You may be seeing the word “Cascara” pop up in different coffee shops that you walk into. What is this mystery ingredient everyone is excited about? What is Cascara? In short, it is coffee. However, it certainly doesn’t taste like your typical cup of joe that you may be used to.
How is this? Well, the coffee beans we’ve grown to love are actually the seed of a fruit, commonly referred to as a coffee cherry. The cherry itself is high in antioxidants and contains caffeine (which is how coffee gets its caffeine). Once the seeds are removed from the cherry, they are roasted and you get coffee. But what happens to the cherries? Sometimes, the coffee cherries are turned into compost and used to fertilize the farm it came from. More often than not, the cherry is discarded once the coffee farms get the goods from inside.
Now Cascara, which means “husk,” in Spanish, is the dried skins of coffee cherries. They have a leathery, woody look similar to dried raisins or the shell of a nut. Although it comes from the coffee plant, Cascara tastes nothing like coffee when brewed. It has the taste more similar to an herbal tea or tisane, since it’s brewed from a dried fruit. The people of Ethiopia – coffee’s birthplace – have been enjoying a beverage brewed from the dried cherries called Qishr for centuries. Now the rest of the world is finally catching on! While the beverage, or variations using the ingredient itself, have been slowly popping up in cafés around the globe, it can still be difficult to find. Few coffee farmers produce Cascara and even fewer countries export it.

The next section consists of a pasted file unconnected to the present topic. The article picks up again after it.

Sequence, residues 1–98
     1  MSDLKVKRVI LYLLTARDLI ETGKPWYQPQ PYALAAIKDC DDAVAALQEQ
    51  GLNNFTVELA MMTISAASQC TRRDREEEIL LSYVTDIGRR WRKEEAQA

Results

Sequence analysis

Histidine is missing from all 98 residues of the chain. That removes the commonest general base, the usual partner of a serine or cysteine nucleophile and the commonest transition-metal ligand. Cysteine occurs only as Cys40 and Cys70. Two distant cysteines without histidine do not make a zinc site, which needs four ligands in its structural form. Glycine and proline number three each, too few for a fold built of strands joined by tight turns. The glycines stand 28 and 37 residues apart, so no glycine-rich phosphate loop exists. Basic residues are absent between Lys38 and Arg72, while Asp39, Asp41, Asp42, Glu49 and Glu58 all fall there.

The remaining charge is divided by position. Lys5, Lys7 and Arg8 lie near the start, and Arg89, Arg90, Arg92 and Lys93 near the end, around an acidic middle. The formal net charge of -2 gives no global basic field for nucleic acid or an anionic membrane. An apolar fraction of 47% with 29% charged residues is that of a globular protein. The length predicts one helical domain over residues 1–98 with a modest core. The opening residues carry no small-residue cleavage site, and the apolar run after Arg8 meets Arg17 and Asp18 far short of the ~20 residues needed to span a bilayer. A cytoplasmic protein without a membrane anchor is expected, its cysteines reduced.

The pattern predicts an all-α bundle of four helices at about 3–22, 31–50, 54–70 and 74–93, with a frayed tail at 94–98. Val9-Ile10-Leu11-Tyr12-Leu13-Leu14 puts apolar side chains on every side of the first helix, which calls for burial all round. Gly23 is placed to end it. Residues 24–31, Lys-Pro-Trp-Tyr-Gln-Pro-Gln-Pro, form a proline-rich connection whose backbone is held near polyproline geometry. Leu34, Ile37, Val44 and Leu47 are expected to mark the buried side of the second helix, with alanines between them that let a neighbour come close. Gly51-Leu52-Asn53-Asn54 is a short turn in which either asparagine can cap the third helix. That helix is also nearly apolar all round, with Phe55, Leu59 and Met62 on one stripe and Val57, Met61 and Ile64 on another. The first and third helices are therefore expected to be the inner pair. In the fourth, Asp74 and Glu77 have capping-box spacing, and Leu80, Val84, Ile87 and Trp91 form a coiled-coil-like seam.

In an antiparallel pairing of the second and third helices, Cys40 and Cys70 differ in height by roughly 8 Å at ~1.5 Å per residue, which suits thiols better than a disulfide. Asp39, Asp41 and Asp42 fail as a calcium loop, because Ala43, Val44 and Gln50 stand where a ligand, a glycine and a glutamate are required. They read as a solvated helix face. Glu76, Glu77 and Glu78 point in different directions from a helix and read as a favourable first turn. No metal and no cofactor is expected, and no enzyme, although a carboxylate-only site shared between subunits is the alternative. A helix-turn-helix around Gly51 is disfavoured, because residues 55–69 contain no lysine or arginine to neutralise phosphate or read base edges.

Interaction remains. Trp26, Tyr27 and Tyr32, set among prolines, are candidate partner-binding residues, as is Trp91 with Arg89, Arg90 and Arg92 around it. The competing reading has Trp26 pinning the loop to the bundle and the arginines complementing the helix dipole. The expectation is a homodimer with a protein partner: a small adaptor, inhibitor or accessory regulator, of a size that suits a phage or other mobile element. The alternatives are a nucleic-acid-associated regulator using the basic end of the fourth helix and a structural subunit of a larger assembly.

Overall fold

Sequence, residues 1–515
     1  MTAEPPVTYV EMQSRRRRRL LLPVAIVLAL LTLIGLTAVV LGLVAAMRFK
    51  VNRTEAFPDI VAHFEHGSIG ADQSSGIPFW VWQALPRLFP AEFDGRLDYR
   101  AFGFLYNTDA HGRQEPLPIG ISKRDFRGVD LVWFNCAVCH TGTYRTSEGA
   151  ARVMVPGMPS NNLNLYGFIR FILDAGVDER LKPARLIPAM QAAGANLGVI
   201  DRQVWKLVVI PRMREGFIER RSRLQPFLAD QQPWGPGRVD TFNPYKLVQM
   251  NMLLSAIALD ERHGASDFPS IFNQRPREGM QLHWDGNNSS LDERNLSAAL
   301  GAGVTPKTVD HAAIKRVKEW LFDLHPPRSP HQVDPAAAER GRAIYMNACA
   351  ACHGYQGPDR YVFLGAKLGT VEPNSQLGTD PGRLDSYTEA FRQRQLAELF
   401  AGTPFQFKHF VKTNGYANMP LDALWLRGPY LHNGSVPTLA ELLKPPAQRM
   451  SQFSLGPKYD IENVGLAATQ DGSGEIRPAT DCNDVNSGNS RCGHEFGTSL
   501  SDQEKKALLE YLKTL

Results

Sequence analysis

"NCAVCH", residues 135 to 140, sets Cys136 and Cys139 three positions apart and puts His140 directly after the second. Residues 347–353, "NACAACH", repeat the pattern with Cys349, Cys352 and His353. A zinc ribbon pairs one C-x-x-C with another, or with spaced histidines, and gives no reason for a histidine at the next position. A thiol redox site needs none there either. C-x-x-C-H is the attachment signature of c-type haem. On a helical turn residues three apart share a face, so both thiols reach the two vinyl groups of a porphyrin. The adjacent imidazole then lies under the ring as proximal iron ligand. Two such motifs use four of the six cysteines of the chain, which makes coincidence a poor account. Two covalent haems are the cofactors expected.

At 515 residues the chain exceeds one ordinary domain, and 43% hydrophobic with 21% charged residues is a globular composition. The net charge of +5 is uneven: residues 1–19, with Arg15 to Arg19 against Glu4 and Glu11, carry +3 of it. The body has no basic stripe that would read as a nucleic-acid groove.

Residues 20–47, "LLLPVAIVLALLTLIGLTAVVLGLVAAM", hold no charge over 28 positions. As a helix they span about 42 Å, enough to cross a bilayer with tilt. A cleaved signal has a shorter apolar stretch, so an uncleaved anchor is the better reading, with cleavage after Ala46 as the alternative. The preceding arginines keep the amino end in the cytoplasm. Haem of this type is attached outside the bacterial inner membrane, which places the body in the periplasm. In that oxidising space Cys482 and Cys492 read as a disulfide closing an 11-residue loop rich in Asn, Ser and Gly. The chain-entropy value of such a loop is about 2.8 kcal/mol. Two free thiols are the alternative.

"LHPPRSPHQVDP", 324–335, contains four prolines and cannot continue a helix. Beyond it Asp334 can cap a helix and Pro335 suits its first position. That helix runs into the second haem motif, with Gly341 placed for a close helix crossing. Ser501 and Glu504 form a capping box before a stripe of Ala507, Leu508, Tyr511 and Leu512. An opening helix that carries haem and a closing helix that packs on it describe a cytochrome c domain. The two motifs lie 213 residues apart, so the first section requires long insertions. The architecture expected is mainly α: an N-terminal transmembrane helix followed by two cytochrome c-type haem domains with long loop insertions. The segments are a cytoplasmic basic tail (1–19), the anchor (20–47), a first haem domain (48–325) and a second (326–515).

Similar to roasted coffee, the variety of the coffee cherry – in addition to where it’s grown, when it’s picked – has a strong influence on flavor profile, body and acidity. Typically, there is a naturally sweet component to the flavor profile that may be complimented by a tangy or floral component. How it’s processed also plays a role in its flavor profile. Coffee beans are extracted through either a wet-process or dry-process. The wet-processed cascara husks tend to have more of a leathery feel, and tend to produce a brighter flavor within the cup. Dry-processed cascara husks look more similar to nut shells, with a more fruity flavor profile. Taste, however, is always subjective.
Brewed hot or cold, Cascara is a super interesting way to enjoy another delicious part of a plant of which we have all grown quite fond. There are many creative beverages that can utilize cascara’s subtle sweetness. There are cascara sodas, coffee cherry syrups used in cocktails and even cascara-infused beer.
Brewing Cascara with a French Press
Here’s a basic brewing technique to try out using a french press, and a 1:12 brew ratio.
- Heat up 500g of water in kettle to 200°F. Pour a little water (about 20g) in french press to pre-heat it. After a few moments to heat the french press, pour out water.
- Add 40g of cascara to the french press.
- Pour 480g of water into french press.
- Place top on french press and allow the cascara to steep for about 5 min.
- Press the strainer down, and pour your freshly brewed cascara into a pre-heated cup.
Cascara Simple Syrup
Add this syrup to any beverage (or even on top of some pancakes) to bring a delicious flare to them.
- Bring 1 1/2 cups of water to boil in small saucepan.
- Add 1/2 cup of cascara to water, reducing heat down to a simmer.
- Simmer cascara for 4-5min.
- Strain cascara husks, and place brew back into the saucepan. (Should yield about 1 cup of brewed cascara).
- Stir in 1 cup of sugar to saucepan, helping it dissolve. Allow mixture to simmer uncovered for a few minutes, until syrup thickens slightly (or to your liking).
- Once desired consistency is reached, turn off heat and allow syrup to cool.
- Pour syrup into jar, and enjoy! Refrigerate after use.